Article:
He was so little, and I knew people picked on him. I cursed myself for never having stood up for him. Who knows, we could have been friends. I idly wondered if he'd have cuddled like Parker. I decided that, due to his size, it'd have had to have been me cuddling him. I rolled on my side and groaned in the cold, thinking of holding Travis to me for his body heat. Of running my fingers through his messy hair or of taking his glasses off his little face before kissing him.

It was a nice fantasy, I decided. "If I ever get home," I said to the empty cab, "I'm going to ask Travis out. Fuck the fact he's dating a girl who might kill me in my sleep."

The afternoon passed in a haze and my thoughts were untethered from reality. Images of Parker and his parents flashed by along with my mom, sitting on the couch and coughing as she took a shot of whiskey to help her sleep. Then it was Angie and her sly look and Travis biting his lip. I thought of Bo, barking and wagging and Clint muttering about burning food. The worst, though, was the gunshot. The sound, not of the real thunder of the pistol as it discharged, but the wet splatter that filled my imagination but which I'd not actually heard. The sound of his brains landing out in the cold.

I dozed for a time, but was awakened by wind rushing over the cab and rocking the truck ever so slightly on its old springs. I sat up and opened the door and felt a cool breeze, a harbinger of a rainstorm to come. A fat drop splattered on the metal roof and I sat up and began looking around the cab for empty cans or bottles so I could try and take advantage of the free water. Finding two, I climbed out and yelped as my backside made contact with the cold metal of the truck body. I stepped away, shivering, and quickly looked for places to put the few containers I'd found: an insulated coffee cup and an empty soda can.

The wind picked up again and dust stung my eyes as an invisible hand scoured the dirt and shabby scrub. Lightning flashed in the distance and a rumble echoed shortly afterward. The wind picked up and drops began to fall, slowly turning into a heavy rain. I stood, feet spread wide for balance and bottles held up to take advantage of the water. I'd let them get no more that half full before draining them and holding them skyward again, but I wasn't sure how long I could manage it as the water and wind were quickly stripping away any heat I'd managed to acquire while wrapped up in the front seat of the truck.

I began to shiver as the wind blew and the rain turned colder. I gingerly climbed in the truck bed, feeling exposed with my nudity, and propped the bottles up on the tool chest which provided a long, flat surface. I turned and duckwalked on the smooth metal of the truck bed and was shocked when my feet flew out from under me and I landed hard on my hip.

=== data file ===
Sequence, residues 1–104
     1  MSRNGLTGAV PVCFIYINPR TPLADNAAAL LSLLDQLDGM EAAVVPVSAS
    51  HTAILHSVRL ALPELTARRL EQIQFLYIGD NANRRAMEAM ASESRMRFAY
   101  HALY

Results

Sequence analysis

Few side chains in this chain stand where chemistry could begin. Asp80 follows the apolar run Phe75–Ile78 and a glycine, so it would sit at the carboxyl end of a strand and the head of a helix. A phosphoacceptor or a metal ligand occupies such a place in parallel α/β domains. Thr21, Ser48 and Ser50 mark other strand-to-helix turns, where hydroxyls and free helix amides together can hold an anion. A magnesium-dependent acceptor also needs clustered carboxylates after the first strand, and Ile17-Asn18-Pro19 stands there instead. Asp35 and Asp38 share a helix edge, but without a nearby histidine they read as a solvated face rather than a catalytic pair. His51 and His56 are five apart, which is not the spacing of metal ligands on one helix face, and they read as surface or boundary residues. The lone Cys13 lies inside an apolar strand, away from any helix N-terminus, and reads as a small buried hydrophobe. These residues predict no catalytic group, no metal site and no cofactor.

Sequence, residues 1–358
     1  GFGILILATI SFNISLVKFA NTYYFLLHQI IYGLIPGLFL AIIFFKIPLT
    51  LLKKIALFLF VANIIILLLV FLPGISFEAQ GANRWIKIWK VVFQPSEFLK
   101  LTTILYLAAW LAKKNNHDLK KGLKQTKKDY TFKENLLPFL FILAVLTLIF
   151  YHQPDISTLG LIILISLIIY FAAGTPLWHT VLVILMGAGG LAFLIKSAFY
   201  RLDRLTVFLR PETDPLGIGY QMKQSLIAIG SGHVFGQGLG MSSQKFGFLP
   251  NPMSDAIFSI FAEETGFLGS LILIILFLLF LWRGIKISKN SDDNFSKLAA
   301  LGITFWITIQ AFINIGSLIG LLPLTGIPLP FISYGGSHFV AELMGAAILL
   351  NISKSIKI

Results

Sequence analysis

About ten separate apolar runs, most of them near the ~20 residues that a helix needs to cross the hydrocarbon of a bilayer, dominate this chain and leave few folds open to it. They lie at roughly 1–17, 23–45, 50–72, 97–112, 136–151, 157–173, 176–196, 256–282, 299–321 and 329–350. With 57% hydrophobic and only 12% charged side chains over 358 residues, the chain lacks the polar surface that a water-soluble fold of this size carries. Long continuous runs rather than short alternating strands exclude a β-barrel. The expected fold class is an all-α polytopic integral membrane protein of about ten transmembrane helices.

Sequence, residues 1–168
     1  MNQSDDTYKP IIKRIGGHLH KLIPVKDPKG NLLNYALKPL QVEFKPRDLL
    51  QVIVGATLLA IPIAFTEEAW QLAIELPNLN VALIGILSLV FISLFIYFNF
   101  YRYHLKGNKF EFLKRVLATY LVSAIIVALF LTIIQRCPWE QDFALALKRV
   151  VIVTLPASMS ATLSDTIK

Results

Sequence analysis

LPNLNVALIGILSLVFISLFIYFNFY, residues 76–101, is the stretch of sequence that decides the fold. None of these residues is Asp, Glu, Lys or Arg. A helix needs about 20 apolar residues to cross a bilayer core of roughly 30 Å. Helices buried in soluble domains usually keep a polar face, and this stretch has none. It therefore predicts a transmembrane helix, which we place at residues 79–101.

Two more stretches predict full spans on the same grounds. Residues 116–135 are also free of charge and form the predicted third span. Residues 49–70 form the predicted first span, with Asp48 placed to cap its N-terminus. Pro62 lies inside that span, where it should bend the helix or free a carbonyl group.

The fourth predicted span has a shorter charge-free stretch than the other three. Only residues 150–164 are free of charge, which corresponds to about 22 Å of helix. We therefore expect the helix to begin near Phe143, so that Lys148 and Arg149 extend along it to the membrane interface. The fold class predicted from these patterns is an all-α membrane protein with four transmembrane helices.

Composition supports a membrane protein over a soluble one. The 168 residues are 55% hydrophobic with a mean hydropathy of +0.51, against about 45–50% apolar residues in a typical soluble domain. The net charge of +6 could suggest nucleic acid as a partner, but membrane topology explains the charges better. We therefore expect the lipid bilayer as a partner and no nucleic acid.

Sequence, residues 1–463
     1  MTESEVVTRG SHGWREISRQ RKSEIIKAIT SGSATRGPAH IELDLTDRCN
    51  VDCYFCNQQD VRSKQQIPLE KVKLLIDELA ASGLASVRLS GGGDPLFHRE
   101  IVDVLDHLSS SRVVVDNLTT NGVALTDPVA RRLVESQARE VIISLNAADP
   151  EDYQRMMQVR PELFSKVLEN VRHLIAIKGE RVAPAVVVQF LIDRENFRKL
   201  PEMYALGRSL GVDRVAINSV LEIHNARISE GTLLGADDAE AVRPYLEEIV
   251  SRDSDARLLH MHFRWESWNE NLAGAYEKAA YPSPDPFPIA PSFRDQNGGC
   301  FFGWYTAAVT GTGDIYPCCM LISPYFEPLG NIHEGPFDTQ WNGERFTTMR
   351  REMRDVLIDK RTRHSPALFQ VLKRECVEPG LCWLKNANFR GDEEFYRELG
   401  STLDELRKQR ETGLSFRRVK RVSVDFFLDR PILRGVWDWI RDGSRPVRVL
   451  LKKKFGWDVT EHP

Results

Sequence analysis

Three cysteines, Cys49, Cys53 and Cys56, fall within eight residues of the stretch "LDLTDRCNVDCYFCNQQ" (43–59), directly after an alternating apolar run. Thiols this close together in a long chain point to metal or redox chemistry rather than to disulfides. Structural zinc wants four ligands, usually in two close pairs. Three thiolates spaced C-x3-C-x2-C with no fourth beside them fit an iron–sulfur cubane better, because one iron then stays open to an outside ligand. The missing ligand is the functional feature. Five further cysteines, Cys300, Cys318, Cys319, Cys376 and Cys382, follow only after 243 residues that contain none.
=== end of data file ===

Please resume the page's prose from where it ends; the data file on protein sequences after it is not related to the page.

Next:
"Augh!" I cried out, but the wind ignored me. The storm increased and lighting cracked overhead and the thunder was close enough for me to feel a vibration in my chest. I scuttled down to the end of the truck bed, my skin sliding on the wet metal, and then fell off the edge and into the mud. Picking myself up I limped back toward the open door of the truck, idly trying to brush the mud off me as I went. A sudden increase in water volume washed me down, stealing both mud and the last of my body heat. I struggled to the open door, teeth chattering, and hauled myself up. I slammed the door shut and pulled the seat cover over my cold, shaking body.

Rain pounded the roof in a cacophony and I shivered as lightning lanced across the sky and thunder shook the world. My teeth chattered and I moved my shaky hands up and down my legs and arms, moving rapidly and trying to generate some heat. I realized that, while water was a concern, being wet in this cold might do me in, first. How could I have been so stupid? My mind was sluggish and I supposed that my lack of logical thought would do me in where my father had failed.

Stuttering, I began to curse my father for his betrayal, for his ignorance and for failing as a human being, much less a father. I screamed in a shaking voice about how it should have been, how he should have supported me like he did when he first met Parker and not how he'd left me to die when I dared love that very same boy.

I pulled the seat cover tightly around me for warmth as mother nature raged outside and I raged within. With shaking hands, I grabbed a granola bar and ate while watching the fury of the storm. Sometime later the rain slacked off and the only other sound was the distant grumble of thunder. Wrapped in the seat cover I lay back down on the bench seat and pretended Parker was going to be joining me any moment. That he'd cuddle me and this nightmare would end.

"I'm going to make it," I said to myself. "I'll live where you died, you bastard." Then, exhausted, I slept.